Scholz Garten – The Oldest Bar in Texas
The mission statement of Scholz Garten could be handily summarized via the green wooden sign which sits outside its gate: “Kalt bier und gut bratwurst!”. Perhaps it is the simplicity of the restaurant’s purpose that has helped to keep it open since 1866; its cold lager and delicious German smokehouse-style food has stood the test of time and established itself within the Austin community. Beyond its merit as a restaurant, however, Scholz Garten operates as both the oldest bar in Texas and the oldest biergarten (or “beer garden”) in the United States! If you are in Austin, you gotta hit sup Scholz Garten!
Established by German immigrant and Civil War veteran August Scholz in 1866, both the menu and overall feel of the restaurant has remained largely consistent with the original concept. As with other biergartens, guests are seated in the large outdoor area which features a stage, several shared tables (spaced appropriately), and a good deal of shade put off by the patio umbrellas and a local tree. The atmosphere is inviting and encourages good conversation between friends and family, allowing people to discuss their days and plans just like those who lived 155 years ago.
Patrons can expect to be served Wednesday – Sunday from noon to 8 PM, with COVID currently cutting down on their occupancy limit to allow for safe distancing in seating. Scholz Garten does catering services to guests, as evident in the cute red electric truck parked outside most of the time. In line with its history as a social gathering place, the biergarten continues to host its “Happy Appy” from 3-5 PM Wednesday – Friday in which starters for the table, cocktails, and wine are served for just $5.
While missing this deal by a day, my family decided we couldn’t go without trying one of Scholz Garten’s signature dishes: a giant Bavarian pretzel which serves 2-4 people. Considering my only experience eating a giant pretzel consisted of those tough and stale things they serve at the mall food court this blew my mind. Fresh, soft, and chewy, this colossus of a pretzel is served with special Dusseldorf mustard and Scholz Garten’s own Bier Cheese sauce.
Next on the appetizer list were the Sauerkraut Balls: a deep-fried mixture consisting of seasoned mashed potatoes and the item’s signature ingredient of pickled cabbage. As with all dishes we were served, the presentation and overall quality was top-notch. As an appetizer, it came served with Scholz Garten’s homemade mustard and a side of sour cream.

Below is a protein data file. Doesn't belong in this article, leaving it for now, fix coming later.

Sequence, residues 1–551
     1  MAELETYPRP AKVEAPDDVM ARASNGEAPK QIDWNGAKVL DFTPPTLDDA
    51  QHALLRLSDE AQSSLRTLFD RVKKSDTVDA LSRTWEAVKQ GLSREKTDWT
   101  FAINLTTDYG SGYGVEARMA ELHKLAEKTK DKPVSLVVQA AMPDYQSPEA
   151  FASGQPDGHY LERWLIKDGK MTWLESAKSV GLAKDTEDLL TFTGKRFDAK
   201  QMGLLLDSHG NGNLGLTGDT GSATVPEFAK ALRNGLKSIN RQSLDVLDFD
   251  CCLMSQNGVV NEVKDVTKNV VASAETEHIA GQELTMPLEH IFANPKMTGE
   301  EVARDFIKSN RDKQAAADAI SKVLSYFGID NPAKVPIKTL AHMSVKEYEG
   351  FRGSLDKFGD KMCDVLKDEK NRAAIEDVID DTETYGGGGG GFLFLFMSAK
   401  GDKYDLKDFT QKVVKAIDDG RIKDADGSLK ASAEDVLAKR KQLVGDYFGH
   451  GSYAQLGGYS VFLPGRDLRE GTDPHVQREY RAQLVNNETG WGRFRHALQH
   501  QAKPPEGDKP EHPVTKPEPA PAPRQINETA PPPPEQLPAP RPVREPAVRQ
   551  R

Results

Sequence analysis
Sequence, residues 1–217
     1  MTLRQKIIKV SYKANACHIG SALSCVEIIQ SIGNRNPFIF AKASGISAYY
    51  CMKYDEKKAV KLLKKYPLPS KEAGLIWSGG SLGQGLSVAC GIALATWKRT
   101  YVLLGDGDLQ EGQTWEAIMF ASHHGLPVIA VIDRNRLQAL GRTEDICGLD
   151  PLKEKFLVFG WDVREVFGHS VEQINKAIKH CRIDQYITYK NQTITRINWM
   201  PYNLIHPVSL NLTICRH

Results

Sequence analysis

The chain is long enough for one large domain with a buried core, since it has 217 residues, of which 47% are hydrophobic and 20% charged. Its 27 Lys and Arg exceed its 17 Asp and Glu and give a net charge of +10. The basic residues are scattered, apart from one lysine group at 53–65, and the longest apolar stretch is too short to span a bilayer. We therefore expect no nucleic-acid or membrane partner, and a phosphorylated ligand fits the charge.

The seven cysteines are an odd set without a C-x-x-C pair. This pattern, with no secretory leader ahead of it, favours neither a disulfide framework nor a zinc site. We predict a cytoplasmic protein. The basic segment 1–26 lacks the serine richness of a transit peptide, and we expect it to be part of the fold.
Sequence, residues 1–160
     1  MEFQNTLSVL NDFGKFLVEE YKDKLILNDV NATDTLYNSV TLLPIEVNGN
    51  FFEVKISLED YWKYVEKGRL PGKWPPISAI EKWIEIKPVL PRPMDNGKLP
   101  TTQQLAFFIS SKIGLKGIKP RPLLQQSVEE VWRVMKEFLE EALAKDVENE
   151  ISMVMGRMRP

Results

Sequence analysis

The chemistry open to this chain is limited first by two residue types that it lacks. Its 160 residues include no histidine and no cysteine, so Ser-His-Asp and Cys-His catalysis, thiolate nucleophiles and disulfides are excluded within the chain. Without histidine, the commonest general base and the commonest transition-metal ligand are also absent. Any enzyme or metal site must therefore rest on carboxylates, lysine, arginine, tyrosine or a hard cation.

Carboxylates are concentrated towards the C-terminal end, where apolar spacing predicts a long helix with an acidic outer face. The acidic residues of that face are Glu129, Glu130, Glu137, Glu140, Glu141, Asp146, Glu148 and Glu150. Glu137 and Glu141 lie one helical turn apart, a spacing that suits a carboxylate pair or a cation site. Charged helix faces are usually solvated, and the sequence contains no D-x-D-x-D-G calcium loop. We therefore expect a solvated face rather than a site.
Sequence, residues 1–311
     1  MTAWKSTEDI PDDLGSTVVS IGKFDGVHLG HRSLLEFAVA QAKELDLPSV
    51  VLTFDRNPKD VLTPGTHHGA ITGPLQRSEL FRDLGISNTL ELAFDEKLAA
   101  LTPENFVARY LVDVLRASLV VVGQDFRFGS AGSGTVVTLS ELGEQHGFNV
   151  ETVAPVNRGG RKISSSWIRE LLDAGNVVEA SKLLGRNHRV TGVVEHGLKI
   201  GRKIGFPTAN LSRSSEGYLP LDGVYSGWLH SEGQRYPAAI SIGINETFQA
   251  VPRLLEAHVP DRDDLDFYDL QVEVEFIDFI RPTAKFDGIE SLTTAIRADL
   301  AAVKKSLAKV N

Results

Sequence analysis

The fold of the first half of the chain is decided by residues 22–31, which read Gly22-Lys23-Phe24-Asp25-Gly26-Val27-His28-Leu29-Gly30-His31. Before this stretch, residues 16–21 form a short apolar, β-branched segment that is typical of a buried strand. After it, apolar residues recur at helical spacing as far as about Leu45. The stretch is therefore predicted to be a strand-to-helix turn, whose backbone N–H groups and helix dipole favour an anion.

For those who are lacking in experience with German food and wanting to dip their toes in the water (like myself), the Currywurst was especially delicious. As a common street food and one of their national dishes, this dish is perfect for picky eaters (it’s essentially just fries and saucy sausage…) or those wanting to try a taste of Deutschland.
The Scholz Haus burger, as ordered by my grandmother, is an item on the menu which keeps things simple yet still finds a way to make itself unique. Featuring all of the toppings of a typical burger, the bier sauce and German-style mayo as well as the freshness of the angus beef patty elevated it to the next level.
Although the menu is large and encapsulates much of Germany, a great deal of it is a sausage fest with options ranging from rabbit & antelope to vegan wursts available for sale. Pick a topping, pick a sauce, and pair it all with Scholz Garten’s crispy waffle fries whose addictiveness rivals that of a certain chikin restaurant and you’ve got a recipe for success which has lasted over a century. My aunt opted for the Veganwurst with caramelized onions and Dusseldorf mustard; having tried it I can say that it was almost indistinguishable from their meat-based sausages in taste and texture.
Since 1866, the owners of Scholz Garten have understood the establishment’s importance to its community as a place of friendly discussion and gathering. Apart from anything else, it is Scholz Garten’s identity as a venue for people to eat and laugh together that has allowed it to stay in business for over 155 years and counting; for the sake of good German food in the Austin area let’s hope for many more to come!